What the Netanyahu government actually stands out for is its fitful, panicky, failed response to the crisis. A person who has been involved in the decision-making in the affair from the start told me back in June that the way things looked, only a vaccine would rescue Israel from the health and economic crisis it was plunged into by the pandemic. He was right. But the hoped-for success of the mass vaccinations will not be able to erase the government’s blunders, and before we arrive at good results, additional multitudes here will be stricken by the coronavirus.
The Palestinian connection
The future success of the vaccination campaign in Israel is deeply dependent on another factor, too: the situation in the Palestinian territories. As has been shown throughout the crisis, there is no way to separate the morbidity inside Israel from that in the West Bank. The virus spreads on both sides of the Green Line via Palestinians who work in Israel and in the settlements, and through commercial and family ties between the inhabitants of the West Bank and the Arab population in Israel. The state of the epidemic in the Gaza Strip also has ramifications for Israel. In this case, the rigid physical separation does in fact generally prevent the virus’ passage, but there’s another danger: If Israel is perceived to be overcoming the epidemic while COVID-19 continues to spread in the Gaza Strip, that will be an incentive for Hamas to resort to violence to force Israel to help the authorities there.
Accordingly, extending the vaccination campaign to the West Bank and Gaza Strip is an Israeli health and security interest. Efforts have been made in the past few weeks to get rich countries in the Gulf, such as the UAE or its rival, Qatar, to finance the purchase and transport of vaccines for the Palestinians. So far, Israel’s assistance to the Palestinians in coping with the coronavirus has been limited to instructing medical teams and supplying testing kits. The next stage will be more difficult and more expensive, but without it there will probably be no way to succeed in the battle against the coronavirus in Israel.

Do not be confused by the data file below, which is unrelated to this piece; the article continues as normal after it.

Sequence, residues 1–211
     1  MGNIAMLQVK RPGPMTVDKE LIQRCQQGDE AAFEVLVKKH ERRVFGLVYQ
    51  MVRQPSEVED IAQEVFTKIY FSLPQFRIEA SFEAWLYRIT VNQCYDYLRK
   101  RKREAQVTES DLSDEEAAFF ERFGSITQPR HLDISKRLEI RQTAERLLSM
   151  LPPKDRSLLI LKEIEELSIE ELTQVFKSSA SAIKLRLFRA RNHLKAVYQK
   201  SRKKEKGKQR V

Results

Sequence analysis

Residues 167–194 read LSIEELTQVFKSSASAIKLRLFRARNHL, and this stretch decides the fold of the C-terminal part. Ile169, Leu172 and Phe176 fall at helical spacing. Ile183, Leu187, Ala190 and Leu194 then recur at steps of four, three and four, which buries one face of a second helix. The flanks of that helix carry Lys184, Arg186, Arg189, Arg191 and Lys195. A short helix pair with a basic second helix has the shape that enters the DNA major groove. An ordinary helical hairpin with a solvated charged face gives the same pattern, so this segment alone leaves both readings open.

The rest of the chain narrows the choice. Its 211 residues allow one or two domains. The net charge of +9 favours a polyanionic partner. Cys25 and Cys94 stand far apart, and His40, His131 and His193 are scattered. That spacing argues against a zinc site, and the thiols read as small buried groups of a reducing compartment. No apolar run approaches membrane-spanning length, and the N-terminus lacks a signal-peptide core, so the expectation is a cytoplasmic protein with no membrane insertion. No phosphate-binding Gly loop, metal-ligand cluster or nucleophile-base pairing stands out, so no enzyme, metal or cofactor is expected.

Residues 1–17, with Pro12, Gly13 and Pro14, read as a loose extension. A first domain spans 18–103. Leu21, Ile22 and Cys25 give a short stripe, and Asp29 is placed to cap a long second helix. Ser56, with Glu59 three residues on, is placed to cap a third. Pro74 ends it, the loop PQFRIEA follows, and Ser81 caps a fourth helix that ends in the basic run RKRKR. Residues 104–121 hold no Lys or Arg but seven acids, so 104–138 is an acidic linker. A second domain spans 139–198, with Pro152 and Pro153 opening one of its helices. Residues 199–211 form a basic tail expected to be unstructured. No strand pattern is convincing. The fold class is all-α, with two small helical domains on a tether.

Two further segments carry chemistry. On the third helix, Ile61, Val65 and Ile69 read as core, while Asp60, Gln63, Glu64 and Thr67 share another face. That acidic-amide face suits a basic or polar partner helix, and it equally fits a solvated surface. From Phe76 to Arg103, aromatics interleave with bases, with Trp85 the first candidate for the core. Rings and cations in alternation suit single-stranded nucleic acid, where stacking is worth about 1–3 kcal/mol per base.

The virus remains the most influential factor in shaping the security situation. The exceptional quiet stood out in a visit to the Gaza Strip border this week. That has to do with what most concerns Hamas: 210 COVID-19 deaths as of Thursday and 500 to 700 new cases a day – among them, recently, the leader of the organization in the Gaza Strip, Yahya Sinwar.
Possibly, though, a deeper insight is taking shape here. To some extent, Hamas is now arriving at the conclusion reached by Israel, also painfully late, in connection with Operation Protective Edge in 2014. Namely, that another military campaign in the Gaza Strip will not lead to anything new. In the past, Hamas’ leaders claimed that if they occasionally made waves of escalation and rocked the boat, ultimately Israel would be forced to lift some of the restrictions it imposes on the Strip, and there will always be someone in the Gulf to pay the costs of rehabilitation. But only part of the promised funds have reached Gaza since the last operation, more urgent needs have developed in the Arab world amid the regional shake-up, and what is most disturbing to the Palestinians: The normalization between Israel and a growing number of Sunni Muslim countries is reducing their commitment to the Palestinian cause.
Incidents have occurred along the Gaza border lately, too. In September, Israeli troops detained a Palestinian who tried to cross the fence and was found to be wearing an improvised explosive belt whose detonator had apparently failed. In another case, young Palestinians were seized after crossing the fence with grenades (apparently with a desire to be apprehended, knowing that in the absence of proof of intent to commit sabotage, the army would simply return them to the Gaza Strip). And last week, when a Golani infantry brigade unit entered the so-called Israeli “security perimeter” zone which the sides accept – about 100 meters west of the Gazan border fence – it was closely accompanied by Hamas fighters armed with machine guns. Had it not been for the restraining presence there of senior Israeli officers, the tension might have erupted into an exchange of fire.
However, from the viewpoint of the Israel Defense Forces, these events don’t change the essentials. Hamas is now looking for economic relief, projects to improve the infrastructure and aid in dealing with the coronavirus epidemic. Acceding to its requests – which are contingent as well on finding a solution for the complex negotiations on the return of two Israeli civilians and the bodies of two soldiers – could usher in a lengthy period of quiet in Gaza.